The system has received ample quantities of personal protective equipment, something that was in short supply across the nation earlier in the pandemic.
But Kirby said the system is dealing with more staff vacancies than at any time she can recall in her career.
“We are appreciative of the help we are receiving but we are really struggling in the rural communities,” Kirby said.
‘Many are burned out’
The largest of New York City’s five boroughs in geography, Queens is often hailed as the most diverse region in the country. More than 130 languages are spoken in Queens.
Bruce Flanz, president and CEO of MediSys Health Network in Queens, described the pandemic’s toll on his safety net organization. The system manages two hospitals and an ambulatory care program. More than 80% of the system’s patients are on Medicare or Medicaid.
Queens was the “epicenter” of the pandemic’s beginning, Flanz said. Then the Omicron variant brought another wave of COVID-19 patients into the system.
“The cumulative effect on our staff cannot be overstated,” Flanz said. “They are understandably tired, exhausted and many are burned out.”
Even before the surge of COVID-19 patients with the Omicron variant, Flanz said the system had high admission levels “as patients had been postponing their care.”
As if that weren’t enough, MediSys operates the busiest Level 1 trauma center in New York City.
“That responsibility doesn’t stop because of COVID,” he said. “We continue to see gunshot victims. We see people who have suffered motor vehicle accidents.”
The system did curtail non-urgent procedures. Flanz said those with the Omicron variant generally required less time in the hospital before they could be discharged. The sickest patients were those who were unvaccinated.
He also pointed to one advantage with this wave of COVID-19 patients.
New York state began requiring healthcare workers to be vaccinated in September, so 99% of the system’s employees were vaccinated. Fewer employees were getting COVID-19 and being forced to isolate.
“We believe that this helped tremendously during this current wave,” Flanz said. He estimated 3% of the staff were out due to COVID-19 this winter. (A federal order recently upheld by the U.S. Supreme Court will require most of America’s healthcare workers to get a COVID-19 vaccine by the spring.)
Flanz said the system needs additional support from the federal government to support the system.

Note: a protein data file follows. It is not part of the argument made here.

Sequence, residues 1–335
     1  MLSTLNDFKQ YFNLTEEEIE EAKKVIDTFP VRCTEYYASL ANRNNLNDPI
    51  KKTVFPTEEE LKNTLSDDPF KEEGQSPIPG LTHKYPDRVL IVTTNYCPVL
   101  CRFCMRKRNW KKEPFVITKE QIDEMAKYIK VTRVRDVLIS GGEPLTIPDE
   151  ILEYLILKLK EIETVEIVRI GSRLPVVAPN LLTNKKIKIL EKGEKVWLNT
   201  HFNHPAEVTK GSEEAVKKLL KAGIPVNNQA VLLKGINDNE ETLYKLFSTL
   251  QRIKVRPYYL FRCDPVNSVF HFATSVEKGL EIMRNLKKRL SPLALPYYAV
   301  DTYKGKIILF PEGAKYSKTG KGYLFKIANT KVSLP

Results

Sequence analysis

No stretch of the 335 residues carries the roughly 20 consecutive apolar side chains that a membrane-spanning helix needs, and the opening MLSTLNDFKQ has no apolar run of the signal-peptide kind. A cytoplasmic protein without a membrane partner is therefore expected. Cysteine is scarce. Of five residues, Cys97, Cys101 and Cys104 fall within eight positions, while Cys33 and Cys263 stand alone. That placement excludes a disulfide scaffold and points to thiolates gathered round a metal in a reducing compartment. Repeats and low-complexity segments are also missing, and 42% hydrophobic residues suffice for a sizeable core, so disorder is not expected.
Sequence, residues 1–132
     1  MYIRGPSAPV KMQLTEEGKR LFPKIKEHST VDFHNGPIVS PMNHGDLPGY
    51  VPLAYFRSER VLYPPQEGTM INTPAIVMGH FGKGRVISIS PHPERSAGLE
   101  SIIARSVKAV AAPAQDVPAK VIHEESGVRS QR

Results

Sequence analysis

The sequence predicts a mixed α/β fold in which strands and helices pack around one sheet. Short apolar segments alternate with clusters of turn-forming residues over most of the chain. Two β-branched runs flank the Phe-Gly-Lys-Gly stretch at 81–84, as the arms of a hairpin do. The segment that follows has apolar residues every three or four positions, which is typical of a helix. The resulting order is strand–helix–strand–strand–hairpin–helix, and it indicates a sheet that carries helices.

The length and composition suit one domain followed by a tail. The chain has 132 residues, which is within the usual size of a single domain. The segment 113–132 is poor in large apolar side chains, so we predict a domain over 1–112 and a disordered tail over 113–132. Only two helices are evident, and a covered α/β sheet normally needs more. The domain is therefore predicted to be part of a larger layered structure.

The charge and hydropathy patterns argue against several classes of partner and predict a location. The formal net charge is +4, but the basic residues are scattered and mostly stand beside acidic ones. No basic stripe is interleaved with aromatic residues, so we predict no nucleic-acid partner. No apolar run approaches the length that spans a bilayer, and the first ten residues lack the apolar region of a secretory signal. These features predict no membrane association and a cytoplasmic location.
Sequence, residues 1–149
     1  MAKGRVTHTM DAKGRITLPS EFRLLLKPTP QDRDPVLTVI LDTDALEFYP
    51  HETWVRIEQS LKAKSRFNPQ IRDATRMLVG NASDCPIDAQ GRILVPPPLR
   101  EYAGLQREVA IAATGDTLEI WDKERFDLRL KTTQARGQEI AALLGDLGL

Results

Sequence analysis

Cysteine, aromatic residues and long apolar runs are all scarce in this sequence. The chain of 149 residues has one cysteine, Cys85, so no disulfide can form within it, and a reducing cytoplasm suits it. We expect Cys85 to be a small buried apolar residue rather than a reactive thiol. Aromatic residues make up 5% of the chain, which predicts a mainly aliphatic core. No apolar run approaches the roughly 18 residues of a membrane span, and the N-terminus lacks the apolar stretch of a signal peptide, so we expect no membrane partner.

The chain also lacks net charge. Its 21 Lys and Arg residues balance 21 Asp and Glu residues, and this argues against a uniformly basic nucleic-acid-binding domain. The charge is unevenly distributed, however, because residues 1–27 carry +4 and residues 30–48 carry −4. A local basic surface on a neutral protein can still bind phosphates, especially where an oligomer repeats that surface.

‘A serious toll’
The Henry Ford Health System operates six hospitals and 250 affiliated healthcare sites in Detroit and southeast Michigan. The region was among the first to see record peaks in hospital admissions due to the Omicron variant.
In late January, hospitalizations began falling. Still, COVID-19 cases and hospitalizations remain high, said Wright Lassiter, president and CEO of the Henry Ford Health System.
The drop is “not yet a sign for celebration,” he said.
About 20-30% of the beds in the system’s hospitals are filled with COVID-19 patients, Lassiter said last week. Coronavirus patients are filling a quarter to a third of the ICU beds.
Lassiter said the stress on the staff can’t be overestimated.
There’s been a 600% increase in staff requesting support from the system’s employee assistance program.
“COVID is taking a serious impact, a serious toll on our staff,” Lassiter said.
Labor shortages are adding to the system’s problems.
The system has 1,000 vacancies for nurses out of a pool of about 9,000 he said. Henry Ford is recruiting a cohort of nurses from the Philippines, who are expected to arrive this summer.
Early last week, Lassiter said 75 beds were closed due to staffing concerns. A month earlier, 150 beds weren’t available. And the lack of staffing has limited non-urgent procedures.
“We have delayed about 400 procedures over the last 30 days related to staffing, related to lack of staffing,” Lassiter said.
In addition, the system is losing millions on what Lassiter termed “crisis labor spend.” The system is spending an enormous amount on nursing staffing agencies to cover shifts, he said.
A military medical team has been assisting Henry Ford Wyandotte Hospital, just south of Detroit. Lassiter said he’s grateful for the help.
“Our organization continues to bear a significant burden,” he said.